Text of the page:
I suspect the test will come in a 2021 election. My guess is that Justin Trudeau will say, to all those left-of-centre voters: “I cannot keep the promises I made in Throne Speech 2020 if I am stuck with a minority government ~ those evil Conservatives will block me. I cannot give you everything you want ~ everything I want to give you ~ unless you put aside your partisan opinion and join my team.” My worst fear is that it will work, as soon as this fall, more likely next spring.

Published by Ted Campbell

Old, retired Canadian soldier, Conservative ~ socially moderate, but a fiscal hawk. A husband, father and grandfather. Published material is posted under the "Fair Dealing" provisions (§29) of the Copyright Act for the purposes of research, private study and education.

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3 Comments

  1. I think that is largely true. I think Harper wanted to bury Liberals partly looking at UK and Australia where right wins most of the time unlike Canada. Also probably looked at BC where the pro free enterprise coalition usually wins with only occasional NDP wins in between (although signs that is changing, but while Harper was PM that was true). As for Liberals moving left, I think Trudeau is very much going after millennials who are largest demographic but tend to have poor turnout.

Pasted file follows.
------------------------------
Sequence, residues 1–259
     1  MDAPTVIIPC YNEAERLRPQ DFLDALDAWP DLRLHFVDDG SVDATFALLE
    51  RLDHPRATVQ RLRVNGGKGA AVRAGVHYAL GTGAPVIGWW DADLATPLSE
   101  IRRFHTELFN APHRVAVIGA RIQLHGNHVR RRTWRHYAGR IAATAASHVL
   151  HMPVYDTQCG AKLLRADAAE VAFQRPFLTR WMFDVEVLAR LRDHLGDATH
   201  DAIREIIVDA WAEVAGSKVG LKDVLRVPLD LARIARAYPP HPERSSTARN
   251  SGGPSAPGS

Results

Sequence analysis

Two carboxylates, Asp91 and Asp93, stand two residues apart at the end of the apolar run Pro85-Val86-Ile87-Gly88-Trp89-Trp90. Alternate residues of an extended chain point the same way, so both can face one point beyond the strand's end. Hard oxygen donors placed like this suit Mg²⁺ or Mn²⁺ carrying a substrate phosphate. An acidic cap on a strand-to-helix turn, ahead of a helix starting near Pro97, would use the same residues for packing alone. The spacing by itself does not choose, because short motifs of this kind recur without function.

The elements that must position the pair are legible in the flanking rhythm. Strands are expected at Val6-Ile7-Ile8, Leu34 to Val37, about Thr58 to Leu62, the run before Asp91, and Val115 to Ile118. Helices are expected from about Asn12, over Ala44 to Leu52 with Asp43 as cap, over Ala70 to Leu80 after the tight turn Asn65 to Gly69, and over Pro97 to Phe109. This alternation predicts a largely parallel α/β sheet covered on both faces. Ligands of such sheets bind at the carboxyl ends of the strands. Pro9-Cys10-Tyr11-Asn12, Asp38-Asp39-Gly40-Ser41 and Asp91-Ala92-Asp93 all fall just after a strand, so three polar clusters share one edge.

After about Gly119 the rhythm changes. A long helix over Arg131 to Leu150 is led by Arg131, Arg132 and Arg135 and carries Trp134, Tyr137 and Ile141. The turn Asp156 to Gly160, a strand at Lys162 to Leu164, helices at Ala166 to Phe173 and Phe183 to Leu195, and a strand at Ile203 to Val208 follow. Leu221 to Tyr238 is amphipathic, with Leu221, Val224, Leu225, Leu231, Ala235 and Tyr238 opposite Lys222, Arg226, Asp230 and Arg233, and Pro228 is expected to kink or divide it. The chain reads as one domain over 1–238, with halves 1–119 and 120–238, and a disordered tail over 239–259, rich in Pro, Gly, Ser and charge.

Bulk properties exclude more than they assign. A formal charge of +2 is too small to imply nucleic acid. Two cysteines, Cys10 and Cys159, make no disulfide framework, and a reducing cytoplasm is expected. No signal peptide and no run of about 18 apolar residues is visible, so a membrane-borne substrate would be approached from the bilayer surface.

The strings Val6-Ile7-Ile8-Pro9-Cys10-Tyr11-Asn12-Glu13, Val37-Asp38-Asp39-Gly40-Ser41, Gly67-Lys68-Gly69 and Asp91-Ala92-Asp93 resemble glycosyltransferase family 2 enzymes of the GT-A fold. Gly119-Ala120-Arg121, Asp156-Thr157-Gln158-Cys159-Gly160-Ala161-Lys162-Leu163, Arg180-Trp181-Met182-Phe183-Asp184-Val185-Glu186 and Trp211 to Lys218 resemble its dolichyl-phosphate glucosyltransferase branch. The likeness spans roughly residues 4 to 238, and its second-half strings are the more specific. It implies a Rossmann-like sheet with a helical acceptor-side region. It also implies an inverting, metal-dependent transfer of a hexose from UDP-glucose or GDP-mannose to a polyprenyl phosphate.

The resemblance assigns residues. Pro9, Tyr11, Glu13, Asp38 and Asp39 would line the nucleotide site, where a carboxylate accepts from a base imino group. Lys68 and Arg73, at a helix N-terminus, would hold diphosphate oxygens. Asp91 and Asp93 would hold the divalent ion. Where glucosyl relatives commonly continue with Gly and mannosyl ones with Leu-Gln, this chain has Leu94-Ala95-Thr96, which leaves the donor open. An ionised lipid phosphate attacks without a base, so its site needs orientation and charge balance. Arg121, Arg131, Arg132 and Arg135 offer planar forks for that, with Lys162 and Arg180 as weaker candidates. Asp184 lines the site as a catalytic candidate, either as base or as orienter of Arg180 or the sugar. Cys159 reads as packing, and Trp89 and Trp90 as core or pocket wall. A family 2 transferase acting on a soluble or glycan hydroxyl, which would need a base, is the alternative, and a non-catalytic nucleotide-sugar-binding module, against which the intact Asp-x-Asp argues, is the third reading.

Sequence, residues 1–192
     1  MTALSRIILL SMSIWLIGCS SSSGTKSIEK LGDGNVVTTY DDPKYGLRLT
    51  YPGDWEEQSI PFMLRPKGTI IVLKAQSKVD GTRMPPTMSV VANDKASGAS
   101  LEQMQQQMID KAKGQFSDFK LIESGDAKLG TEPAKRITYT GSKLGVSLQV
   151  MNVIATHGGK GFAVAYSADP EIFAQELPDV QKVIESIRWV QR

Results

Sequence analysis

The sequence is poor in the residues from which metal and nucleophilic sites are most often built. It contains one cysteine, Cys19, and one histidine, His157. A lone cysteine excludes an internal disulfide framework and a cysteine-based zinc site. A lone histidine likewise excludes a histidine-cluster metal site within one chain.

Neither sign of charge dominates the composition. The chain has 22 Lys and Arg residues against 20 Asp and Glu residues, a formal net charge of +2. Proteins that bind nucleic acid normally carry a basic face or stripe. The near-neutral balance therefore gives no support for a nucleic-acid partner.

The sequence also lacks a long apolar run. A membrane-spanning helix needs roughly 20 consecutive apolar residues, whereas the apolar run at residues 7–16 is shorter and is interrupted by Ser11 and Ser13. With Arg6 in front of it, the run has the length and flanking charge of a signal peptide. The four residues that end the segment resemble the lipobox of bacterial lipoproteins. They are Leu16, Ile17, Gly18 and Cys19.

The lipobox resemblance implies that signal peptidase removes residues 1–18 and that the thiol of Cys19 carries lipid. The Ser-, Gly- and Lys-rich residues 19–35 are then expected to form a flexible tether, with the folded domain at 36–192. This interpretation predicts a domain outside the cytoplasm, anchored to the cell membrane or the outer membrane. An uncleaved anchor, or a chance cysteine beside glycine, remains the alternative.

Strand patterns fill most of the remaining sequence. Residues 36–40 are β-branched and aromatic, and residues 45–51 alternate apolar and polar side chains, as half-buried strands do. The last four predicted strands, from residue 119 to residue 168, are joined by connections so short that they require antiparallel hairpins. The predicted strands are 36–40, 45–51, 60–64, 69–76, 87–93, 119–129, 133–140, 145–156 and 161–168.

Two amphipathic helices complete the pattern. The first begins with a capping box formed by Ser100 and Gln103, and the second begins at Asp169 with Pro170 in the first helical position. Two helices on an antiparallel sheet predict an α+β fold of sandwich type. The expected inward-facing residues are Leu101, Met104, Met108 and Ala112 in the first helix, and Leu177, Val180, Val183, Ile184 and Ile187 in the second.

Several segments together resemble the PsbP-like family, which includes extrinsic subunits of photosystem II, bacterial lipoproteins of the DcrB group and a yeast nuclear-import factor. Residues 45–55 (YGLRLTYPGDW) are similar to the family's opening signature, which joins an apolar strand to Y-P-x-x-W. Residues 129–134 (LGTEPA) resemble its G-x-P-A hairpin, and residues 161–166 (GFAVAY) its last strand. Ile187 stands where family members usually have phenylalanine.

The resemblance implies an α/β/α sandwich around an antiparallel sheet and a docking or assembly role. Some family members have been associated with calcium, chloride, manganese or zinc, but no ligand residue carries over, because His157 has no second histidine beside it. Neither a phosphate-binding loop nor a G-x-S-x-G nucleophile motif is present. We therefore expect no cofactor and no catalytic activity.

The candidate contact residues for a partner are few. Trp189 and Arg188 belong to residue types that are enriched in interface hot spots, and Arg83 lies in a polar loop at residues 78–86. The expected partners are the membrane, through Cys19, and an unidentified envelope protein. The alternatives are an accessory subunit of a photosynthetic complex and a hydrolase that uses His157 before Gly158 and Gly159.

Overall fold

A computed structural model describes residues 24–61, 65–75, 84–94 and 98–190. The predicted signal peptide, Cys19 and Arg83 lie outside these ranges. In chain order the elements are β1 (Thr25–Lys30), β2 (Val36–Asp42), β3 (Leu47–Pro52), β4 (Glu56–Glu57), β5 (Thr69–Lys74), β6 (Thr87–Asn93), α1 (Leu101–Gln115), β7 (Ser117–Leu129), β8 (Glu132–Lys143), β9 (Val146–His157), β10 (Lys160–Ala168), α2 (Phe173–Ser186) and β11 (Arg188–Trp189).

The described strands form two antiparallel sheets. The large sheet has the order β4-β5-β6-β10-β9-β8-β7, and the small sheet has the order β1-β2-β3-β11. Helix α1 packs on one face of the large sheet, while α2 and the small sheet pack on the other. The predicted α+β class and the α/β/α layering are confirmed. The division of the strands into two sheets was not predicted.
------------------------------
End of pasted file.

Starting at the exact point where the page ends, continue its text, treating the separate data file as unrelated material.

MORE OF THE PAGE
There is plenty of evidence in English speaking world millennials are firmly on the left. Risk is like UK and Australia, going too far left most cause many boomers who traditionally voted Liberal to go Tory and Trudeau is hoping to avoid that which so far has. Many millennials don’t remember mid 90s crisis or problem of left wing policies in 70s thus why left doing so well there. In particular climate change and income inequality are huge pet peeves which left is winning on. Problem is on first, Canada is too small to really make much difference. We should do something but not to point is damages economy and maybe even breaks up country. On income inequality, too many are looking at what is going on in US and in many ways I think Trudeau is copying the American left too much.

    US is a lot further right than Canada and often when you go too far in one direction, you get an equal and opposite backlash. But we are not the United States and a lot of the excessive right wing policies Trudeau wants to fight against, we don’t have in Canada. His raise taxes on rich was based on that as in US gap between rich and poor is way too large, but in Canada its not even close to US levels. Likewise it seems he wants the welfare state Nordic Countries have but without the pro-market policies they have. His idea is we can find Nordic style welfare system by just taxing the rich more, when in reality Nordic Countries afford such system due to 25% VAT. Its why despite tax hikes on rich, Canada was running deficit pre-COVID 19 while Nordic Countries had surpluses.